Ant Group, controlled by Chinese billionaire Jack Ma, has set up a working group to rectify the business practices of the world’s largest financial technology group, under the close watch of China’s central bank and financial regulators.
The Hangzhou-based group, which operates the ubiquitous Alipay electronic payments platform, will also draw up a timetable for the changes under the guidance of regulators, said Chen Yulu, a deputy governor of the People’s Bank of China (PBOC), during a Friday press conference in Beijing.
The update on Ant Group’s ongoing reorganisation offers the first glimpse of the Chinese government’s stance on a company that powers more than half of all electronic payments in the country since regulators shut down its $35 billion stock sale in November over concerns of systemic risk and consumer complaints. An industry-wide restructuring had begun, with JD.com reorganising its financial arm JD Digits into a new group called JD Technology to run the fintech, artificial intelligence and cloud businesses.
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Ant Group is working on a rectification programme in accordance with targets set by financial regulators, and will ensure the continuity of its business, the normalcy of its operations and the quality of its services, Chen said, according to Chinese media reports.
China’s financial regulators will notify Ant Group on the parts of its sprawling fintech platformfrom asset management to insurance and lendingthat need to be regulated as financial institutions, and the portions of the business that need new operating licences. The licensed financial services businesses will then be moved into a holding company and subjected to regulatory scrutiny, according to people familiar with the regulators’ strategy.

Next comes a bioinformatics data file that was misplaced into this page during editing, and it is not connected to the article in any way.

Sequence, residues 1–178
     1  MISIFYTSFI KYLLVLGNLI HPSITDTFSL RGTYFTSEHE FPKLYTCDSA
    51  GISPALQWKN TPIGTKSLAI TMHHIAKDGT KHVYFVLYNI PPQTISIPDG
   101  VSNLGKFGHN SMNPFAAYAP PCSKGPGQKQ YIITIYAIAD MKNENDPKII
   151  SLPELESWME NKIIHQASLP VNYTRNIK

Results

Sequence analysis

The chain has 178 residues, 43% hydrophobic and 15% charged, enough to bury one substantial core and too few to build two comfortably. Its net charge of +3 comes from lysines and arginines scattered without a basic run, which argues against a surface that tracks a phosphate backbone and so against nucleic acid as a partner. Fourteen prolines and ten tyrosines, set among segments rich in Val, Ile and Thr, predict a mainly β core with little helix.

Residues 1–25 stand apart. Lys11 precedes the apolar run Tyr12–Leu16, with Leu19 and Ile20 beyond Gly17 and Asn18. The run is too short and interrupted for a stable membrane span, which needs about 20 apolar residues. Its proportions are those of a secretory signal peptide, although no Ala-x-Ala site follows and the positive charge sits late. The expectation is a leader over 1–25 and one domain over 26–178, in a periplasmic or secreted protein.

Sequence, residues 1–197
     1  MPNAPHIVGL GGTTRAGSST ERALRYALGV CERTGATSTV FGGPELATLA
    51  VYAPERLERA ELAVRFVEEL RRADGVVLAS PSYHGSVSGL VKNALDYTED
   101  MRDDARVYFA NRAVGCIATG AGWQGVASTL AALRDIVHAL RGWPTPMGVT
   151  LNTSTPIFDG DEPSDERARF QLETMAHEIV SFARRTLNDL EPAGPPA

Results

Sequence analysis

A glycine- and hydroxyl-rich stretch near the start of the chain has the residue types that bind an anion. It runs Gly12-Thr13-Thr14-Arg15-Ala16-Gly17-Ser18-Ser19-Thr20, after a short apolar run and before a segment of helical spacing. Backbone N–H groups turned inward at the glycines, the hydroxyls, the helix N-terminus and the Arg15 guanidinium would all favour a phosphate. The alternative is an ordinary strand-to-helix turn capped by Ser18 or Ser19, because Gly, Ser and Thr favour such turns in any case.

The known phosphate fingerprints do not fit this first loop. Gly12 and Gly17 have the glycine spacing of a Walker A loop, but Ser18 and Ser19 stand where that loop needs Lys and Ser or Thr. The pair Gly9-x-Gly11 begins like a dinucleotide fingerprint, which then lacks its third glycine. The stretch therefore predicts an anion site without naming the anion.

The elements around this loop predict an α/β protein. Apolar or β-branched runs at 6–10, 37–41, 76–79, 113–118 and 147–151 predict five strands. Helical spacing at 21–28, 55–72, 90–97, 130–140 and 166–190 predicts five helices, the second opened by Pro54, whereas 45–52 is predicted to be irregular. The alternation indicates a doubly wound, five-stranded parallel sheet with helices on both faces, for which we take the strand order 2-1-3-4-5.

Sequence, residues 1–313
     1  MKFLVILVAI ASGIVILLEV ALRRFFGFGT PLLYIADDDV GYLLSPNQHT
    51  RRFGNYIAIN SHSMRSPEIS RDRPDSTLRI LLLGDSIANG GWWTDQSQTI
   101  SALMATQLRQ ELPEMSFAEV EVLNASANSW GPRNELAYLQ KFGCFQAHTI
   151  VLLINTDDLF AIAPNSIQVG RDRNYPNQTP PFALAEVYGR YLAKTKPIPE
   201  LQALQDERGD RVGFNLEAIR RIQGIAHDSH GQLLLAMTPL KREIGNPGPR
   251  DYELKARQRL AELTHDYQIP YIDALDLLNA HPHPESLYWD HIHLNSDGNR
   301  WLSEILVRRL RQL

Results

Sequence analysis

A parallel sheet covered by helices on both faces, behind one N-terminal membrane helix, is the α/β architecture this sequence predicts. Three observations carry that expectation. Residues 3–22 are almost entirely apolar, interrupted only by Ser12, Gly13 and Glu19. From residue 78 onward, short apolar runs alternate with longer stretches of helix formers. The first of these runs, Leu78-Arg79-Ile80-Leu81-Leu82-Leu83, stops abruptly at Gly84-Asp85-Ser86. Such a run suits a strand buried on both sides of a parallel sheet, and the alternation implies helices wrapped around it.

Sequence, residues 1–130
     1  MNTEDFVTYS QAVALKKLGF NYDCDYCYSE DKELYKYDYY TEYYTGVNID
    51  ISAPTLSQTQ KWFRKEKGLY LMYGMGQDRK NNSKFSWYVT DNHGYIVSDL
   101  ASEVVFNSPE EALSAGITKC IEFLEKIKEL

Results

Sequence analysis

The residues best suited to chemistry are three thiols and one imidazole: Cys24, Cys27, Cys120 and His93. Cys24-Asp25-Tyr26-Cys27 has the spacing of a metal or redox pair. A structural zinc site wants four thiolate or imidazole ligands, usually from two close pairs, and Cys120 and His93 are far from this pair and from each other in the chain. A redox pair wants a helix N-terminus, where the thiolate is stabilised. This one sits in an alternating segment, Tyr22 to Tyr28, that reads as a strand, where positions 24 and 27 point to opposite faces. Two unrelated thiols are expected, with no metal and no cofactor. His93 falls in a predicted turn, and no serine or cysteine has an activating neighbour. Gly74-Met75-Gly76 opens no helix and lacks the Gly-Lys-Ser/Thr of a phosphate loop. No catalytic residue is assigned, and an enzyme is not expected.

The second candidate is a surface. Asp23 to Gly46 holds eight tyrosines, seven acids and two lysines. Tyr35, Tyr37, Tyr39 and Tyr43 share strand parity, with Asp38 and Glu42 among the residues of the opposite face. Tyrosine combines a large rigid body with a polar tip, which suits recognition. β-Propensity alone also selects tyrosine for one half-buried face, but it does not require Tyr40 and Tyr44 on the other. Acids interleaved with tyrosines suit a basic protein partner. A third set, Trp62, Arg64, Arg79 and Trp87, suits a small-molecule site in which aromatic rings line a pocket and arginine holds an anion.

China’s State Council has laid out guidelines for establishing a financial holding and said companies must apply to the central bank to do so by November 1, 2021. Ant Group had previously said that it plans to use its wholly owned subsidiary Zhejiang Finance Credit Network Technology as the financial holding company.
Ant Group’s financial services comprise three main pillars: payments and credit services for small business and individuals, wealth management and insurance. It is highly likely that Ant Group’s credit services, its most lucrative business with an 87 per cent jump in 2019 revenue, will be housed in the financial holding company, industry sources said.
The central bank’s revelation of Ant Group’s restructuring also shows how the government’s response to the rise of Big Tech credit services is taking shape.
When Ant Group’s size and influence in financial services became clear during its IPO marketing and road show, regulators became concerned that any disruption could pose a systemic risk to China’s financial stability, a particularly nettlesome threat when the economy is grappling with growth amid a coronavirus pandemic.
China’s financial regulators rely heavily on state-controlled banks to steer the still-developing economy.
Regulators also fretted that an influx of foreign investors into Ant Group’s capital structure would make it harder to control, according to people familiar with the matter.
Ant Group’s slick mobile payment app, Alipay, has over 1 billion users, making it the world’s most popular app outside social-media networks, and the dominant service provider in China, larger than WeChat Pay offered by Tencent Holdings.
This article originally appeared in the South China Morning Post (SCMP), the most authoritative voice reporting on China and Asia for more than a century. For more SCMP stories, please explore the SCMP app or visit the SCMP’s Facebook and Twitter pages. Copyright (C) 2021 South China Morning Post Publishers Ltd All rights reserved.